What we are talking about is a participative approach to research where research findings are produced by people who are not professional researchers in the field. This could take the form of obtaining data or even the joint formulation of questions for research. We have to meet and discuss with people on equal terms in workshops and other events, invite them to work with us, make our work understandable to them – and we have to listen and grasp what knowledge we can and should take from the outside world and integrate into our work.
In keeping with the University Charter, we wish to develop an innovative use of science and technology for the good of society as a whole as well as drive the transfer of knowledge and technology between academia and commerce and industry. Citizen science has an important role to play in this, providing a means to involve the public in research. This could be anything from collecting data through to co-designing a project. We want to inspire an interest in science among the general public on a number of levels.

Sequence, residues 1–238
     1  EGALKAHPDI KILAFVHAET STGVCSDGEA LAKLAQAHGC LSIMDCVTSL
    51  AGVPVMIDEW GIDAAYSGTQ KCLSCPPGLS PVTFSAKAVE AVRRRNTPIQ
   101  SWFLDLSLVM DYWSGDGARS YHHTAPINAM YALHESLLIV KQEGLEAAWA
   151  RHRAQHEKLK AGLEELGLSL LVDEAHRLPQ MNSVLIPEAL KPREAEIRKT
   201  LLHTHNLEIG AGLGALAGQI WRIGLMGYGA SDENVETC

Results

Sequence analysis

Approaches to citizen science are generally not transdiciplinary – what often happens is that members of the public collect essential data for science, such as the “SimRa” or “Jetzt messen wir” projects. They become transdisciplinary only when members of the public are actually involved in the research process, through providing questions for research or interpreting findings. Good examples of this are “Schmeck!” and “Mind the Fungi!”. From the perspective of TU Berlin, both approaches are valid and important and we wish to continue our work in both directions.
Interviewer: Patricia Pätzold